Unpublished Disposition, 880 F.2d 416 (9th Cir. 1989)

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U.S. Court of Appeals for the Ninth Circuit - 880 F.2d 416 (9th Cir. 1989)

No. 87-2418.

United States Court of Appeals, Ninth Circuit.

Before WALLACE and SCHROEDER, Circuit Judges, and DICKRAN M. TEVRIZIAN, Jr.,**  District Judge.

MEMORANDUM*** 

Chester L. Blum appeals the district court's denial of his section 2255 motion, stemming from an alleged conflict of interest that caused Blum to enter a guilty plea in a 1962 murder case. In response to Blum's petition, an evidentiary hearing was held before the district court at which both Blum and his lawyer from the 1962 murder trial testified. The district court held that Blum's plea of guilty to second degree murder met all then-existing standards for constitutionality, and denied Blum's motion.

Blum was sentenced in 1962, before the new constitutional standard for pleas was set by Boykin v. Alabama, 395 U.S. 238 (1969). The validity of a plea entered before Boykin and McCarthy v. United States, 394 U.S. 459 (1969), is determined by the then-governing standards of proof. United States v. McWilliams, 730 F.2d 1218, 1223 (9th Cir. 1984) (Schroeder, J., concurring). Pre-Boykin pleas were constitutional if they were voluntarily made with an understanding of the charge and of the consequences of the plea. Id. Blum's contention that the law before Boykin contains precursor precedent requiring more than an understanding and voluntary plea is without merit. The Boykin requirements do not apply retroactively. Id.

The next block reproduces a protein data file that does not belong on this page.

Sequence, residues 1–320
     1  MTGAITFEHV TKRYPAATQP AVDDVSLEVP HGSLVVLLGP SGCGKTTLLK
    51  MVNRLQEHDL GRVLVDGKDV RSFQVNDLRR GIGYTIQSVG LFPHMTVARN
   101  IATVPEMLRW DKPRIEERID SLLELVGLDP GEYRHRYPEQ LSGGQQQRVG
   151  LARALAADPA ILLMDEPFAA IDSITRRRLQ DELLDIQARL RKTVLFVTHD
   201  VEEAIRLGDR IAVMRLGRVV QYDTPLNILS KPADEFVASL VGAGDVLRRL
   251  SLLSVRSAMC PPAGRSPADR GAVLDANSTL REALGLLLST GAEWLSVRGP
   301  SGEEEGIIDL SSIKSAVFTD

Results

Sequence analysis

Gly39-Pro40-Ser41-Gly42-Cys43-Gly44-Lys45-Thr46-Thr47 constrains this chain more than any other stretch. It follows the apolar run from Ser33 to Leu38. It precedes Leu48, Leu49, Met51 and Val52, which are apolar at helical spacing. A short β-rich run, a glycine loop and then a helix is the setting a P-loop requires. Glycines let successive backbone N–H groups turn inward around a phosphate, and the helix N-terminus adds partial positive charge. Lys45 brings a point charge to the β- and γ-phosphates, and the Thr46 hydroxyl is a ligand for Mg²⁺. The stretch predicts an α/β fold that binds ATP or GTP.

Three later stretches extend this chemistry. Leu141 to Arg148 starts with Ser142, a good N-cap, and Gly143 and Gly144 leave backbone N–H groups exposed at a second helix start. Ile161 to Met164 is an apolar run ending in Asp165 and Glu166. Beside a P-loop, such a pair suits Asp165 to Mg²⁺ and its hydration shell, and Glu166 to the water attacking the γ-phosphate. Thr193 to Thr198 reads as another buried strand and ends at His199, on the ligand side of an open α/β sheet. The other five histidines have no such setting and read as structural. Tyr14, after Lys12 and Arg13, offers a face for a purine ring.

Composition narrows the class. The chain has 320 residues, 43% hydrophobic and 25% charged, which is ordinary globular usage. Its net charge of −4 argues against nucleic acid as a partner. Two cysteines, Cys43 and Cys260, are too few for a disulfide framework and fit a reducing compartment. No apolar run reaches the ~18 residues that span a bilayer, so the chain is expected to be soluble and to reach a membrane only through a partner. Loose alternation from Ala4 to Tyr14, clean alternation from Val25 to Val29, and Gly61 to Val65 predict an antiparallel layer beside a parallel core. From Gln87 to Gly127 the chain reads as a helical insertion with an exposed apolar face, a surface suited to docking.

Testimony was given at the district court hearing that shows Blum made his plea knowingly and voluntarily. While Blum testified that he was not apprised of the consequences of his plea, Blum's attorney, Fry, testified that he had counseled Blum a number of times on the consequences of both the charge and the plea. The notation of judgment of conviction also recites that Blum was informed of the nature of the charges before making his plea. We find no error in the district court's discounting of Blum's testimony as self-serving, or its finding that Fry's concern for Blum was genuine and his counsel to Blum was adequate.

Blum has also failed to meet the standard set forth by Hill v. Lockhart, 474 U.S. 52 (1985) (adopting the standard of Strickland v. Washington, 466 U.S. 668 (1984)), for demonstrating conflict of interest on the part of his counsel. The district court found that Fry's performance "was not unreasonable." Blum has shown neither that his attorney's behavior fell below the objective standard of reasonability, nor that Blum was prejudiced by the alleged conflict of interest. The district court did not err in finding that no actionable conflict of interest existed.

AFFIRMED.

 *

The panel finds this case appropriate for submission without argument pursuant to 9th Cir.R. 34-4 and Fed. R. App. P. 34(a)

 **

Honorable Dickran M. Tevrizian, Jr., United States District Judge for the Central District of California, sitting by designation

 ***

This disposition is not appropriate for publication and may not be cited to or by the courts of this circuit except as provided by 9th Cir.R. 36-3